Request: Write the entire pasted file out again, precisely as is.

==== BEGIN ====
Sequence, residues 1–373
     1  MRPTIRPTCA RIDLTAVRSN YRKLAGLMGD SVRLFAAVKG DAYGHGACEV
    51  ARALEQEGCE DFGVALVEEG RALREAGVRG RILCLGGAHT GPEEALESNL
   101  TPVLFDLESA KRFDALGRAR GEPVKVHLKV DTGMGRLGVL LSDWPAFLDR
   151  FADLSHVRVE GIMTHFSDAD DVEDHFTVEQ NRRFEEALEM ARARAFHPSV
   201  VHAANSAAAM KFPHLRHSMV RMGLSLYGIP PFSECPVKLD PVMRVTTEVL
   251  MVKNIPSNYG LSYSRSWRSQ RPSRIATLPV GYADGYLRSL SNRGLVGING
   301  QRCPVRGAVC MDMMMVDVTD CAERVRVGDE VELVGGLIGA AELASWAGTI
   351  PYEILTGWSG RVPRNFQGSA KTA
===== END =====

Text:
Sequence, residues 1–373
     1  MRPTIRPTCA RIDLTAVRSN YRKLAGLMGD SVRLFAAVKG DAYGHGACEV
    51  ARALEQEGCE DFGVALVEEG RALREAGVRG RILCLGGAHT GPEEALESNL
   101  TPVLFDLESA KRFDALGRAR GEPVKVHLKV DTGMGRLGVL LSDWPAFLDR
   151  FADLSHVRVE GIMTHFSDAD DVEDHFTVEQ NRRFEEALEM ARARAFHPSV
   201  VHAANSAAAM KFPHLRHSMV RMGLSLYGIP PFSECPVKLD PVMRVTTEVL
   251  MVKNIPSNYG LSYSRSWRSQ RPSRIATLPV GYADGYLRSL SNRGLVGING
   301  QRCPVRGAVC MDMMMVDVTD CAERVRVGDE VELVGGLIGA AELASWAGTI
   351  PYEILTGWSG RVPRNFQGSA KTA